The Lemon Twigs: O2 Ritz, Manchester – live review
We report back in words and photos from the superb and manic performance from up and coming New York rockers The Lemon Twigs.
The Lemon Twigs are insane in the greatest possible way.
The brothers, Michael and Brian D’addario, have accomplished amazing things in their less than 20 years of existence, including producing one of my favourite albums of last year – Do Hollywood. There wasn’t a chance in hell that I’d missing them when they came to the Manchester O2 Ritz.
The support came from London indie-pop band Flyte, who provided a good warm up for things to come – the crowd ate them up and I was particularly fond of the acapella Alvvays track they covered.
The Lemon Twigs opened up with a personal highlight of mine – the superb ‘I Wanna Prove to You’, they blazed through a setlist that sounded like it wouldn’t have been out of place in the 60s, and had the bravado and swagger of those early rock ‘n’ roll bands to boot.
The pair of them are multi-instrumentalists and switched from vocals to synth to drums with little fuss at all. Their voices have an odd harmony to them that just becomes totally enthralling, and when you see them stomping about the stage – jump kicks and air splits included – it’s difficult not to become enraptured by their antics.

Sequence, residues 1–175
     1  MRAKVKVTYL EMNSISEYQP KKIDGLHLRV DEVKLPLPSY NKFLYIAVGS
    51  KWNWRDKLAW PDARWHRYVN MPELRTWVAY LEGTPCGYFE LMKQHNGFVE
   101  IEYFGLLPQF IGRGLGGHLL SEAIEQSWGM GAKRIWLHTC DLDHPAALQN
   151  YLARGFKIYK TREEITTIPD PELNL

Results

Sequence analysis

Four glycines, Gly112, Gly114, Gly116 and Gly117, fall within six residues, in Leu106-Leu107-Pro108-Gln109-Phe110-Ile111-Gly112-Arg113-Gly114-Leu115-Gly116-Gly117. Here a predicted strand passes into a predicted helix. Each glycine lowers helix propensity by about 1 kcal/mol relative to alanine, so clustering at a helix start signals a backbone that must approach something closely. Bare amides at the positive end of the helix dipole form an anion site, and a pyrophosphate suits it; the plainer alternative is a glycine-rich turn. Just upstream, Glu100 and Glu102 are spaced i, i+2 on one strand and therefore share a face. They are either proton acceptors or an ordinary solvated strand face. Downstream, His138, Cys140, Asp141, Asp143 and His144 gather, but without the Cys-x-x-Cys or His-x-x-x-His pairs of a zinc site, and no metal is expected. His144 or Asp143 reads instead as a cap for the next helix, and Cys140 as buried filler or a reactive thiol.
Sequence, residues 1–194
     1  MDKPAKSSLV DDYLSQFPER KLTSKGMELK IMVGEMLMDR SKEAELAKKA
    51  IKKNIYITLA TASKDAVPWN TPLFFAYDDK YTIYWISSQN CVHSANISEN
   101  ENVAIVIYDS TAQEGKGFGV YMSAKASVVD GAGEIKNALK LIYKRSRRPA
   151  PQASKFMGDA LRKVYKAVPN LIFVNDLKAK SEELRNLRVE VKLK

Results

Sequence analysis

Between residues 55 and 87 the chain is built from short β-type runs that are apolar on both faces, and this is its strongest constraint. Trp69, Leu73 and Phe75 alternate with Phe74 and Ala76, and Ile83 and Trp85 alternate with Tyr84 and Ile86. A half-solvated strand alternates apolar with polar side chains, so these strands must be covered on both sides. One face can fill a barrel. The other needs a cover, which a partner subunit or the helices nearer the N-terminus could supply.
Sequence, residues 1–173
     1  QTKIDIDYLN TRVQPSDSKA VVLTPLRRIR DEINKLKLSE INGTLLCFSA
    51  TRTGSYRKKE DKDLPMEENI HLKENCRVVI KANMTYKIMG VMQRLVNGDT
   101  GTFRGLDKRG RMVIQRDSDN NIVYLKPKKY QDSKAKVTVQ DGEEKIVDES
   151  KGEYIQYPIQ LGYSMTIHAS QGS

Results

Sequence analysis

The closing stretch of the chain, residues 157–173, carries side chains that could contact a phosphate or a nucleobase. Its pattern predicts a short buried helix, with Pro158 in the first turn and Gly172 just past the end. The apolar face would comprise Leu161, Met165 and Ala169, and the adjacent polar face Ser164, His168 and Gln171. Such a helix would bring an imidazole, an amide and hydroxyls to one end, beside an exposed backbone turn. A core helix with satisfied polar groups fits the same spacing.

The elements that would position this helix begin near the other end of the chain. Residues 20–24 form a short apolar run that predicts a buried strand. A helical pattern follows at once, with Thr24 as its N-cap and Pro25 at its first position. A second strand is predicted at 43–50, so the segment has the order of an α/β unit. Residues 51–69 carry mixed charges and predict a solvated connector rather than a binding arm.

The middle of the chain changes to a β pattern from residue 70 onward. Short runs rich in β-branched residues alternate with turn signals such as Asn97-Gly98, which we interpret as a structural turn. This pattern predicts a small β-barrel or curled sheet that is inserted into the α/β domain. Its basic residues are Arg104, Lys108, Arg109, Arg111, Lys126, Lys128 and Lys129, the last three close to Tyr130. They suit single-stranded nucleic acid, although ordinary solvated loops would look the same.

Although the songs sound great on record, it’s kicked up a whole other notch in a live setting, though I couldn’t help but feel like I wanted to see them in a more intimate setting. Their onstage patter and presence would work much better if it felt like you were going to receive a flying kick to the face from them.
The setlist was exactly as you’d expect – a heap of tracks from their debut album alongside a pretty spectacular cover of Jonathan Richman’s ‘You Can’t Talk to the Dude’. They also brought out a couple of tracks from their upcoming album, going as far as to end proceedings with a new track, the blisteringly mental ‘Queen of My School’.
It was a short set but that only added to the manic-ness of the set – especially the case when younger brother Michael D’Addario took over on vocal duties. He swaggered and staggered across the stage, somehow managing to both snarl and sing sweetly, whilst still managing to jump-kick into the air at every hint of a power chord. He pouted and gyrated like Mick Jagger in his prime, and the comparison to early Stones is not unwarranted.
With another couple of albums under their belt I can see The Lemon Twigs making the big leagues, though I hope they still find the time to make their way to some smaller venues whilst they still can…
All words by James Lowther. More writing by James on Louder Than War can be found at his author’s archive.